Actor G.D. Spradlin dies

Former oilman played generals, presidents

Character actor Gervase Duan “G.D.” Spradlin, who appeared in “The Godfather: Part II” and “Apocalypse Now” during a film and TV career that lasted more than three decades, died of natural causes on Sunday at his ranch in San Luis Obispo. He was 90.

Spradlin didn’t begin acting until he was in his 40s — he had been an oil company lawyer and a self-employed oilman — and typically played high-ranking military and political leaders both real and fictional as well as other authority figures.

He portrayed Lyndon Johnson in CBS’ 1985 miniseries “Robert Kennedy and His Times,” essayed President Andrew Jackson the next year in the CBS telepic “Houston: The Legend of Texas” and played the president in 1996 thriller “The Long Kiss Goodnight,” starring Geena Davis.

Spradlin played generals in telepic “The November Plan,” “Apocalypse Now” (in which his character declared, “But out there, with these natives, it must be a temptation to be God”), “MacArthur” (as the real Maj. Gen. Robert L. Eichelberger), “The Lords of Discipline,” telepic “Call to Glory,” miniseries “Dream West” (as the real Gen. Stephen Watts Kearny) and telepic “Intruders.” Then there was his role as the real Admiral Raymond Spruance in miniseries “War and Remembrance.” The actor played senators in “The Godfather: Part II” — his perf as a corrupt Nevada solon increased his profile considerably — and ABC miniseries “Rich Man, Poor Man — Book II.”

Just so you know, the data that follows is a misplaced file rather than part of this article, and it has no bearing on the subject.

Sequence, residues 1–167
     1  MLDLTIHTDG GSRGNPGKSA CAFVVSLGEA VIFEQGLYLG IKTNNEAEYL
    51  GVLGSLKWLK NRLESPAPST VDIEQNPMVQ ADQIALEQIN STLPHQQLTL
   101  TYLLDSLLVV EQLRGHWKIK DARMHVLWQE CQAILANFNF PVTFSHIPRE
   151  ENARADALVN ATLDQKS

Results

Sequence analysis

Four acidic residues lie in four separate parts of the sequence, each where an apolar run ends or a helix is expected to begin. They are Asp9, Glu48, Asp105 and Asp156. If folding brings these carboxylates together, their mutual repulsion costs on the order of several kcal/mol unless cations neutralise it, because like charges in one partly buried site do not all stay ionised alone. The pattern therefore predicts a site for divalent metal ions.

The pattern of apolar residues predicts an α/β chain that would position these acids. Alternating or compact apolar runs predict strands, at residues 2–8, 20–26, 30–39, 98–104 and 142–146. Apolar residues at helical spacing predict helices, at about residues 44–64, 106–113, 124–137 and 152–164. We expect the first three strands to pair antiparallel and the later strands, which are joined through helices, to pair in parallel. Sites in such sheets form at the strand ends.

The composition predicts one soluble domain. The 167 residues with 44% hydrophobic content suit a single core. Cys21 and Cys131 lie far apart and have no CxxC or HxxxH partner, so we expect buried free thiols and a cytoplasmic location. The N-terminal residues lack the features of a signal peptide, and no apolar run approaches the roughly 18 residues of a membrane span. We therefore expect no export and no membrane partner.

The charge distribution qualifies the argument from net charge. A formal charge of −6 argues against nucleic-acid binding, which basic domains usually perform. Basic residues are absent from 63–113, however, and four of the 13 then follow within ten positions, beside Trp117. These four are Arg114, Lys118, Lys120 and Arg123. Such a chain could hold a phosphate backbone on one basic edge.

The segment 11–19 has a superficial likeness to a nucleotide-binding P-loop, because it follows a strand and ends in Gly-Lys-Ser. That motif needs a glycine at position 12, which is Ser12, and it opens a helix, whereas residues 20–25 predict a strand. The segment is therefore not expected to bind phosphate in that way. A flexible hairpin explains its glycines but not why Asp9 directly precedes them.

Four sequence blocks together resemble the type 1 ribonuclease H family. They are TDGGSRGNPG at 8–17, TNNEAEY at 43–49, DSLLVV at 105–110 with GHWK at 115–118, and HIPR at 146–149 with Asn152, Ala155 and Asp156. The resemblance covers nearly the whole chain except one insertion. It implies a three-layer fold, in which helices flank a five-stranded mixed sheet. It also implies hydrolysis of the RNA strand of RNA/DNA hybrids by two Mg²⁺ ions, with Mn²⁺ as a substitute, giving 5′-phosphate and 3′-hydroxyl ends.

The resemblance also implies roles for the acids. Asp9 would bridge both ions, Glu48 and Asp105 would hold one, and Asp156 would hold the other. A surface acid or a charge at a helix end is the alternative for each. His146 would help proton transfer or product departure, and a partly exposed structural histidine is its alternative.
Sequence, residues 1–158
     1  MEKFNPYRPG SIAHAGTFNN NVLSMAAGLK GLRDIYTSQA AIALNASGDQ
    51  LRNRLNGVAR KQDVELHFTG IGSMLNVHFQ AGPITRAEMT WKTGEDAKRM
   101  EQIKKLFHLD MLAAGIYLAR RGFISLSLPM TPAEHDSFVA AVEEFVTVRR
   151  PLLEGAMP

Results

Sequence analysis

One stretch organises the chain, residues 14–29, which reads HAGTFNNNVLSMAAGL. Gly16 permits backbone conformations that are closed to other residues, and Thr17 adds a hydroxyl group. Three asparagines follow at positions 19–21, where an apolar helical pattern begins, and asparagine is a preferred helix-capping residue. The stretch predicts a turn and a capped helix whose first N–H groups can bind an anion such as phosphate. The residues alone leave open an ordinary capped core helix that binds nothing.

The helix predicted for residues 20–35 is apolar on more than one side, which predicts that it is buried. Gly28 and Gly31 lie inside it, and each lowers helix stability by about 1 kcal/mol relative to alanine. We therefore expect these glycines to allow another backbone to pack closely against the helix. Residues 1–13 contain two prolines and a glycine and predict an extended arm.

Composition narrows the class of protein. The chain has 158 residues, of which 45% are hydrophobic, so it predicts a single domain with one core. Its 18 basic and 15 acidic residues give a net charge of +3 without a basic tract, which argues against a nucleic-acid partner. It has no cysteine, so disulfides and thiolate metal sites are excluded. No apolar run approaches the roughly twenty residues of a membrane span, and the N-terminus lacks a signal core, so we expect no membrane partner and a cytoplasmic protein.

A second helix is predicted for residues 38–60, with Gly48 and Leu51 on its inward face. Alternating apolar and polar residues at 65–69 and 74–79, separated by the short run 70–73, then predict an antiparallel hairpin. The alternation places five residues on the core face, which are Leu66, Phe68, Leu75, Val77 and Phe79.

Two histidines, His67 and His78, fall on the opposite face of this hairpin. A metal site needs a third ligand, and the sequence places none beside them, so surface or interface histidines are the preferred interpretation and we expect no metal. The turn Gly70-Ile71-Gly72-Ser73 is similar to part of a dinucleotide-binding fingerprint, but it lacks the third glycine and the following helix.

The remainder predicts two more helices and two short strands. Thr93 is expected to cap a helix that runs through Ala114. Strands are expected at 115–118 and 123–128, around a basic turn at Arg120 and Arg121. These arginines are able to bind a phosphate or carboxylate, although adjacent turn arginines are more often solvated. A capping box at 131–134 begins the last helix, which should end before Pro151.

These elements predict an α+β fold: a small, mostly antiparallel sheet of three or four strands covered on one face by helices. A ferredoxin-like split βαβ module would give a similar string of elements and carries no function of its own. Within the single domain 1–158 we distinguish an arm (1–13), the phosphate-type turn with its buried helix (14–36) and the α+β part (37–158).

Spradlin played a minister in Tim Burton’s “Ed Wood.” He made his last screen appearance in 1999 comedy “Dick,” playing Washington Post editor Ben Bradlee.

Spradlin was born in Pauls Valley, Okla. He earned a bachelor’s degree in education at the U. of Oklahoma and served in the Army Air Forces in China during WWII. Returning to the U. of Oklahoma after the war, he earned a law degree and began work as an attorney for Phillips Petroleum. He eventually became so rich in the oil business that he chose to find another pursuit.

He went to an audition with his daughter, who was seeking a role in “Cat on a Hot Tin Roof,” but landed a part himself. Eventually, after graduate work in Latin American Studies and an attempt at a career in politics, he pursued acting seriously.

Spradlin’s first wife, to whom he was married for 56 years, died in 2000. He is survived by his second wife, Frances Hendrickson, whom he married in 2002; two daughters; and five grandchildren.

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